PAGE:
Case Alert: Antrim Truck Centre Ltd v Ontario (Transportation), 2013 SCC 13
3/7/2013 2:25 PM
On October 15, 2012, we posted a summary of Antrim Truck Centre Limited v Ontario (Transportation), 2011 ONCA 419 noting that at that time, the case was under appeal to the Supreme Court of Canada.
On March 7, 2013, the Supreme Court of Canada released its decision in Antrim Truck Centre Ltd v Ontario (Transportation), 2013 SCC 13, allowing the appeal and restoring the decision of the Ontario Municipal Board to award the claimant damages of $393,000 for injurious affection.
We will post a substantive analysis of the decision in an article in the near future. As noted in our October 15 posting, the case involved the rerouting of a highway near Ottawa, Ontario, around the claimant’s truck stop. Motorists travelling on the new highway did not have direct access to the appellant’s truck stop and so it was effectively put out of business at that location. The appellant claimed compensation for injurious affection where no land was taken because the highway construction had significantly impeded access to its land.
The appellant brought a claim for damages for injurious affection before the Ontario Municipal Board under the Ontario Expropriations Act and was awarded $58,000 for business loss and $335,000 for loss in market value of the land. This was upheld on appeal to the divisional court, but set aside by the Ontario Court of Appeal, finding that the Board’s application of the law of private nuisance to the facts was unreasonable because it had failed to consider two factors in its reasonableness analysis and because it had failed to recognize the elevated importance of the utility of the respondent’s conduct where the interference was the product of an essential public service.
Justice Cromwell, writing for the unanimous Supreme Court of Canada, noted that the main question on appeal was how to decide whether an interference with the private use and enjoyment of land is unreasonable when it results from construction which serves an important public purpose. The court found that the reasonableness of the interference must be determined by balancing the competing interests, as it is in all other cases of private nuisance. The court found that balance is appropriately struck by answering the question whether, in all of the circumstances, the individual claimant has shouldered a greater share of the burden of construction than it would be reasonable to expect individuals to bear without compensation. The court found that the Board properly understood that the purpose of the statutory compensation scheme for injurious affection was to ensure that individuals do not have to bear a disproportionate burden of damage flowing from interference with the use and enjoyment of land caused by the construction of a public work. It was reasonable for the Board to conclude that in all of the circumstances, the appellant should not be expected to endure permanent interference with the use of its land that caused a significant diminution of its market value in order to serve the greater public good.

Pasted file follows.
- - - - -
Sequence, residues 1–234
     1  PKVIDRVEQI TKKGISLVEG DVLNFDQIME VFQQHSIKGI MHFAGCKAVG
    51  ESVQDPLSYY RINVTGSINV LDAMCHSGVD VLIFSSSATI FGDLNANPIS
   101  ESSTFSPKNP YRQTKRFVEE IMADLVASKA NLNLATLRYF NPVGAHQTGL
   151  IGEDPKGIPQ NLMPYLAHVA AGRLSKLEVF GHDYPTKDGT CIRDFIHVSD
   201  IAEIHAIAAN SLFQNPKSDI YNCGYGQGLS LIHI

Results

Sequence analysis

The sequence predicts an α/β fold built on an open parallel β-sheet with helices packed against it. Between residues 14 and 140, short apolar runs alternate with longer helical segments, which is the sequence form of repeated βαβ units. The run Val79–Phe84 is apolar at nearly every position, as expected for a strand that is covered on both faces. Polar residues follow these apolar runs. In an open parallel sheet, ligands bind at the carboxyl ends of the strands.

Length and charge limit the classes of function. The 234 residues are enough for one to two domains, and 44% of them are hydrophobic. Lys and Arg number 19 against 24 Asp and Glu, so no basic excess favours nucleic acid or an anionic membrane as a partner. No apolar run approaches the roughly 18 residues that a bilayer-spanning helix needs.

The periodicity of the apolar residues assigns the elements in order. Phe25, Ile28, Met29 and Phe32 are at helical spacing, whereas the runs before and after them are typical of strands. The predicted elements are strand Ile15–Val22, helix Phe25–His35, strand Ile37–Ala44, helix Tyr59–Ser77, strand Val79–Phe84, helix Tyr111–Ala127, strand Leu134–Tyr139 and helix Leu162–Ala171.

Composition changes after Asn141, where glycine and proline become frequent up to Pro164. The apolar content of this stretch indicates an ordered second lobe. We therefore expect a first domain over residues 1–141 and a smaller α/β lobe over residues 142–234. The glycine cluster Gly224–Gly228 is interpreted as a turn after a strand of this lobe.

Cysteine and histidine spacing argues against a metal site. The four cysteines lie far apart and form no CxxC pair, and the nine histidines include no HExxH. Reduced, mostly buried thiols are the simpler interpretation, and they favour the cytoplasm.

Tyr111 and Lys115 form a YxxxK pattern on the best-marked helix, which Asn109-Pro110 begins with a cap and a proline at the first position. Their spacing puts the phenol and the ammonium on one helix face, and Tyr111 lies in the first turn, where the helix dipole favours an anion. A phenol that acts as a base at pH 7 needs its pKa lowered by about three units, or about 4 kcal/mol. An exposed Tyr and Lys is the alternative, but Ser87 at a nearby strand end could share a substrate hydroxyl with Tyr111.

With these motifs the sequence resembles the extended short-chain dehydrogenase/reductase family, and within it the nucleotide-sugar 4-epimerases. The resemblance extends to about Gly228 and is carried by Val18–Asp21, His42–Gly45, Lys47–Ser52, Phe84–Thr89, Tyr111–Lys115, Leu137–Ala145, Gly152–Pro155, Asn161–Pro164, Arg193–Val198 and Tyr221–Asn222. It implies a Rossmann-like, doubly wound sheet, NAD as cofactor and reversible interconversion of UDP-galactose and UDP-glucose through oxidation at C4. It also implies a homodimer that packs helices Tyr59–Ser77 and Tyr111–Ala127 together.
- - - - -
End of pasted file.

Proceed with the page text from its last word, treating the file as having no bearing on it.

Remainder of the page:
In the result, the Supreme Court of Canada allowed the appeal, set aside the order of the Court of Appeal and restored the order of the Ontario Municipal Board.
If you have questions or would like to discuss this topic further, please contact Jeremy P. Smith at Patterson Law at 1-888-897-2001.